Master architect Frank Lloyd Wright was an expert at manipulating how his clients would move about his houses. That is particularly evident at Fallingwater, one of his most famous houses nestled in the Pennsylvania countryside about 60 miles west of Pittsburgh where he put nature front and center.
Fallingwater is wondrous to be sure. The dramatic cantilevered terraces over the waterfall, the look of the rooms, the feel of the spaces, the simplicity of the palette, the limited number of materials, and the disciplined spareness of the detailing are captivating. But a visitor who’s allowed to linger and enjoy a quiet afternoon in Fallingwater, as I did when I participated in Fallingwater’s Insight/Onsite program, begins to understand that for Wright the house was also a lens through which the sights and sounds of nature could be viewed, heard and experienced.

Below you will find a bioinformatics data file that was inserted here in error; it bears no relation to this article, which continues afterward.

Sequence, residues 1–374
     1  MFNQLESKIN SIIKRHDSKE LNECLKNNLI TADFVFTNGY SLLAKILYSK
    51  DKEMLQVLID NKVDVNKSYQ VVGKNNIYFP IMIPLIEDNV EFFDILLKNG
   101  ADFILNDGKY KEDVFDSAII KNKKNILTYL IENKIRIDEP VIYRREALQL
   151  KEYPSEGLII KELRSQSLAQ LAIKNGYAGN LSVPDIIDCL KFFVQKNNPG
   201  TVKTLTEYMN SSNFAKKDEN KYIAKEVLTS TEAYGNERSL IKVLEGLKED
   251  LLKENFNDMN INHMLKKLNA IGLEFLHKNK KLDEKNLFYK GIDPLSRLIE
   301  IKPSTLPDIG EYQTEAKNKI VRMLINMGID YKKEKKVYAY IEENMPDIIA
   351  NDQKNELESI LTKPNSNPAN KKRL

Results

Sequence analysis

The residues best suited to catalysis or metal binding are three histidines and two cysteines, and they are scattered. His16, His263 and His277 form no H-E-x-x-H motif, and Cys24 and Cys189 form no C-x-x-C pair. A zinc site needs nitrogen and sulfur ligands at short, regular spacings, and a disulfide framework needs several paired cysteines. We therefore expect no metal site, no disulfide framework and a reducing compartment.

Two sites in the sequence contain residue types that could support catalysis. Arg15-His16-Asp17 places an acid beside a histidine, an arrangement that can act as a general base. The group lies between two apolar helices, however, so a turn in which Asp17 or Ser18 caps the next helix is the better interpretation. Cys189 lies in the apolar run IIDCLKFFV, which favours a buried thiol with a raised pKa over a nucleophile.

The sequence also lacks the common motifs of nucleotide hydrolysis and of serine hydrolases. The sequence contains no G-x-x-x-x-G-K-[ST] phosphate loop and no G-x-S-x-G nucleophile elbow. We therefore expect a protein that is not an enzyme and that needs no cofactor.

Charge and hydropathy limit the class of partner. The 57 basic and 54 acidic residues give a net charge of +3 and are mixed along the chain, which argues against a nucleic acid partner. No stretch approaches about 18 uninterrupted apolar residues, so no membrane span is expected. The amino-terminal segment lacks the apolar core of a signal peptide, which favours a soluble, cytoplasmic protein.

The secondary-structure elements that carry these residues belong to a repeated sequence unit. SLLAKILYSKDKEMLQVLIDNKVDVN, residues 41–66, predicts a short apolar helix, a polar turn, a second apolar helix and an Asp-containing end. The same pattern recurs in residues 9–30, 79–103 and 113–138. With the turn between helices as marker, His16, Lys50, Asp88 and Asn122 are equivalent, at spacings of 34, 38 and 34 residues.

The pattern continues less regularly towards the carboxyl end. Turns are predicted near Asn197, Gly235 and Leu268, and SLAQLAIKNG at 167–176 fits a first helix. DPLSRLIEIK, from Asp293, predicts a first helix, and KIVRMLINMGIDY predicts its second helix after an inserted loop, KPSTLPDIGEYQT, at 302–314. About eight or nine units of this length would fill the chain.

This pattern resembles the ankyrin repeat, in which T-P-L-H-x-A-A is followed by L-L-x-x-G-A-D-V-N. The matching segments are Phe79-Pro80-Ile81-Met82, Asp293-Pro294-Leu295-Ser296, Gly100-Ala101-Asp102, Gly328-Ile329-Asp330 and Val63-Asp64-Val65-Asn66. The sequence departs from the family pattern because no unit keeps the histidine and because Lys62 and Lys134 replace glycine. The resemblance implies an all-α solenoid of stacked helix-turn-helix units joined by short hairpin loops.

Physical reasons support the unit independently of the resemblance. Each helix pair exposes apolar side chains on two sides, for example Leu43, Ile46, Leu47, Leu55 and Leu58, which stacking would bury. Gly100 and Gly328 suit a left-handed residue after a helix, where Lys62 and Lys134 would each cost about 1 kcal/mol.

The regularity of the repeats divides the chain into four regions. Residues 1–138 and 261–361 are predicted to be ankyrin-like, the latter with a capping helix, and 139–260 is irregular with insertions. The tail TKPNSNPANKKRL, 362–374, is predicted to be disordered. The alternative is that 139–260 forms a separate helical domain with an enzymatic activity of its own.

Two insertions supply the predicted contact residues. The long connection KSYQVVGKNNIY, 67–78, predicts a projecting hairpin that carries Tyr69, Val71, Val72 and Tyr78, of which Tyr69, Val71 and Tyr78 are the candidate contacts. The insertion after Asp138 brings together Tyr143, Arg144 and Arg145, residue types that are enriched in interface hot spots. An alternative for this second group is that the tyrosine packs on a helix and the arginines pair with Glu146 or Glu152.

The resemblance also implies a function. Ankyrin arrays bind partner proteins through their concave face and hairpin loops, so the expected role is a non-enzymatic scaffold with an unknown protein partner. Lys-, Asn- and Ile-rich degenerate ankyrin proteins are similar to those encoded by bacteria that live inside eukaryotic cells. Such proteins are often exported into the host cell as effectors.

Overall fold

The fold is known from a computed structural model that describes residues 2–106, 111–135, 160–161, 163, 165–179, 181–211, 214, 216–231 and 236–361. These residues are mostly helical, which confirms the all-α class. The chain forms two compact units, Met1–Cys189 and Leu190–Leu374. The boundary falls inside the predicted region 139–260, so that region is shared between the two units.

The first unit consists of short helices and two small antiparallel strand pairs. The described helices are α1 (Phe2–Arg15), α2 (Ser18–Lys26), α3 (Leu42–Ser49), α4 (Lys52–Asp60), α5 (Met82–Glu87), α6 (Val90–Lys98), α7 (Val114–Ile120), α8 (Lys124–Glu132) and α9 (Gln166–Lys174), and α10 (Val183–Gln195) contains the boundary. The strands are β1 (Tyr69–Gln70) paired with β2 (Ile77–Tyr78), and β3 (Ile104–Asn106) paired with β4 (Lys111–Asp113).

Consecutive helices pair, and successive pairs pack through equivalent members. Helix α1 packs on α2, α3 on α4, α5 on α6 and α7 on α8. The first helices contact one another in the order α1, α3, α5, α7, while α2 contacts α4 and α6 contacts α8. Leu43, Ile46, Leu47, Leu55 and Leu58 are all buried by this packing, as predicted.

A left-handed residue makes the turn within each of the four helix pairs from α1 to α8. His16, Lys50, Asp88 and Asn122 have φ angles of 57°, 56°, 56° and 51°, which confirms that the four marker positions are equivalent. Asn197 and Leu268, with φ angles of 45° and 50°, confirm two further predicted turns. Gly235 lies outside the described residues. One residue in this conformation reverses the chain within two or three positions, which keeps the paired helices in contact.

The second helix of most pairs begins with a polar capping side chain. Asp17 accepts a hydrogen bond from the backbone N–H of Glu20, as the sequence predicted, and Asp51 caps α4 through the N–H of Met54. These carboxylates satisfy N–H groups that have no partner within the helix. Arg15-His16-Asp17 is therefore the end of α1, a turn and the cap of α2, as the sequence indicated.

Following Fallingwater’s completion in 1937, Wright designed several houses in the Washington area, including the Pope-Leighey House in Alexandria and the Luis Marden House in McLean, and his work influenced the design of many others in the region including the entire Holmes Run Acres neighborhood in Fairfax County.